Barbados is also known for its rich rum culture. The country has five or six rum producers, whose distilleries are spread about the island. Driving around, you can tick most of them off in one day. The most famous one, Mount Gay, is located not far from the Caribbean Cigar Company. During the tour you get to taste their different rums, learn the history of the company and see the bottling factory of the oldest commercial rum company in the world. At the bar you can have a cigar with your rum, supplied by Casa del Habano.
“We started in 1703, and the rum is still produced in the same way, by Barbadian people,” our tour guide says. “In the beginning it wasn’t that good, and people actually called it ‘Kill Devil’ because of the quality, but it got better. At one point the rum business was so lucrative that the distillery owners were richer than British royalty.”

Today there are more than 1,800 so called rum shops around the island selling the different rums.
“If you have a problem finding one, just look for a church,” the guide continues. “ There’s always one close by.” We aren’t at the actual distillery, though, but where the rum is bottled and tours are given. Should you be interested in visiting the actual distillery you can try knocking on the door if you’re in the parish of St. Lucy, on the northern part of the island. You might also get a peak at their operation there.

In Four Roads, a village in the southeastern part of the island, you can visit the Foursquare Rum Distillery. They also give tours, but if you want to roam around the factory on your own you can just show up. When we go by on a Saturday the place is almost empty, but still open to the public. This is a heritage park, so besides the distillery, other attractions on the property include a sugar machinery museum, folk museum, bottling plants, and glass-fusing studio. The Foursquare distillery produces RL Seale, Rum Sixty Six, Old Brigand and Doorly’s XO, among others. It also provided the first batch for the latest addition of rum distilleries on the island, St. Nicholas Abbey.

“This used to be a sugar cane plantation,” explains our tour guide. “When the current owner bought the property, in 2006, he brought with him rum from Foursquare, so we have a 10-year-old and a 15-year-old rum, which weren’t distilled on site.”

St. Nicholas Abbey, located in a Jacobean mansion from the 1650s and surrounded by a tropical forest in which you may see the occasional green monkey, has also been producing its own rum since 2009. It uses a different method than its competition. “We make our five-year-old and our white rum from sugar cane syrup and not molasses, which makes it sweeter than other Barbadian rum. From January to April we also crush sugar cane here; then you can see the whole process from start to finish.”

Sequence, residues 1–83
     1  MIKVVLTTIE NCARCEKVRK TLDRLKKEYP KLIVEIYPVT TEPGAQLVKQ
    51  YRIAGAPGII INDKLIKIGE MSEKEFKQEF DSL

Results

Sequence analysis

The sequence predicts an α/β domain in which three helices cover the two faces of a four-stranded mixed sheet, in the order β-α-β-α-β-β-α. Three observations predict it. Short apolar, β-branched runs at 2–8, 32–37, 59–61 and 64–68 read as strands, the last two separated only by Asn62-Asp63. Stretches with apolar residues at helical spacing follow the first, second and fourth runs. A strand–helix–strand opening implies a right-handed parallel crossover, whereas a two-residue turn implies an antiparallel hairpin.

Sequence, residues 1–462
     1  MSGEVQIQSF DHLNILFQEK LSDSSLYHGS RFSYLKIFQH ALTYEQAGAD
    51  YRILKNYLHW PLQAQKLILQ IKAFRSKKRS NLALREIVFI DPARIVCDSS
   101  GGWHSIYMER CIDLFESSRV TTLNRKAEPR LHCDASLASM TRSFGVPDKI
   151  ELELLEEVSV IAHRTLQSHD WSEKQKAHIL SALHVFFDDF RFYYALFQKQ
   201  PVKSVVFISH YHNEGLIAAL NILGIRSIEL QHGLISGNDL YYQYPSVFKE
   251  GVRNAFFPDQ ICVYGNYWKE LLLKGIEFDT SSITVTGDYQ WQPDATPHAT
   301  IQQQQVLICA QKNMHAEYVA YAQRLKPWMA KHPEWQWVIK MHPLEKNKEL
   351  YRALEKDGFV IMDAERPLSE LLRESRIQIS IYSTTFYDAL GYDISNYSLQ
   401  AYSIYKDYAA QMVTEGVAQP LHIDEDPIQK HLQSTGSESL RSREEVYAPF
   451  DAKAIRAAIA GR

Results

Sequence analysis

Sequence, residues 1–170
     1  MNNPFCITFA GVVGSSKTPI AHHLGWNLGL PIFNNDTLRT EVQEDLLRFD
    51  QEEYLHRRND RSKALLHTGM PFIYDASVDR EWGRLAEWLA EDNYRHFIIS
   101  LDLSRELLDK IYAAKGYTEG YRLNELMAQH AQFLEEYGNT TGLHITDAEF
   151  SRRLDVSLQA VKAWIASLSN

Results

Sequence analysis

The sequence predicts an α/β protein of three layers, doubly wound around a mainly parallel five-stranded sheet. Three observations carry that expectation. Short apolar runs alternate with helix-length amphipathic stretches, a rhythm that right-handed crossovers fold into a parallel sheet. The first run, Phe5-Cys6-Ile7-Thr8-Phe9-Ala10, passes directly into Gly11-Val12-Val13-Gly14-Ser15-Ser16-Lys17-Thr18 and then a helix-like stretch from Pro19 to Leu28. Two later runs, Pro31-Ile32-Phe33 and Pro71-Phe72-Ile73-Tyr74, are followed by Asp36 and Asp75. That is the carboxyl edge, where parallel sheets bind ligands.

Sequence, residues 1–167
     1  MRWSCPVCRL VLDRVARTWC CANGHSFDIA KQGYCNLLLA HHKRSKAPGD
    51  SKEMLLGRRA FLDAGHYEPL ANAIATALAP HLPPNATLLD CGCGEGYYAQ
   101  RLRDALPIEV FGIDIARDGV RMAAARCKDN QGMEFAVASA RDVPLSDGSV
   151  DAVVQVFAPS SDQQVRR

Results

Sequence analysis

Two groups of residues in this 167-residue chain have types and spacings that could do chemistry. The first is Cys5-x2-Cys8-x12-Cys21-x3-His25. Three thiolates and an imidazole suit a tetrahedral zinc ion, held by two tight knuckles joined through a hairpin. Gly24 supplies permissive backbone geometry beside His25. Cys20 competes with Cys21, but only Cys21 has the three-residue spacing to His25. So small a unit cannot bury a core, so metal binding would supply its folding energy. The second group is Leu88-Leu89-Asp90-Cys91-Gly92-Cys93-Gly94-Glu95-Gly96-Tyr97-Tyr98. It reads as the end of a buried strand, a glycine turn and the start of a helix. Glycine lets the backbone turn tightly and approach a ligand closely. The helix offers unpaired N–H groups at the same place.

So it’s not only beaches that you’re never far away from in Barbados. It’s rum and cigars, too. If that isn’t an unbeatable combination, I don’t know what is.


1 Carribean Cigar Company 
#3 Pelican Industrial Park, 
T +1246 437 8519,


2 Rincon del Tabaco
Colonnade (Da Costas) Mall,
Broad Street
St. Michael, Bridgetown
+1246 436 9310

3 The House of Cuban Cigars
1 Cavans Lane
+1246 436 8834

4 Havana Hut Cigars
Chattel Village
St. James, Holetown
+1246 432 7925


Platinum Coast Cigars
Limegrove Lifestyle Centre,
1st Floor, Holetown,
+1 246-822-6093


6 Daphne’s
Hwy 1, Paynes Bay Beach
+1246 432 2731

7 The Cliff Restaurant and Beach Club
Highway 1, Durants
+1246 432 1922

Golf Club

8 Apes Hill Club
Apes Hill, St. James
+1246 432 4500

Barber Shop

9 Fame The 
Grooming Club
The Beach House Complex
Sunset Crest, Holetown
+1246 623 3263

Rum Factories

10 Mount Gay
Spring Garden Highway
St. Michael, Bridgetown
+1246 425 8757

11 St. Nicholas Abbey
On Cherry Tree Hill
St. Peter
+1246 422 8725

12 Foursquare Rum Factory and Heritage Park
Near Six Cross Roads, HWY 6
Four Roads, St. Philip
+1246 420 1977

This article was published in the Cigar Journal Summer Edition 2016. Read more

Since graduating with an engineering degree in surveying in 2005, Simon Lundh has preferred to follow a profession in journalism. He stumbled upon the cigar world while working for a non-governmental organization in Estelí, Nicaragua, and is now mainly making a living writing about cigars, metal music, tattoos, and travel.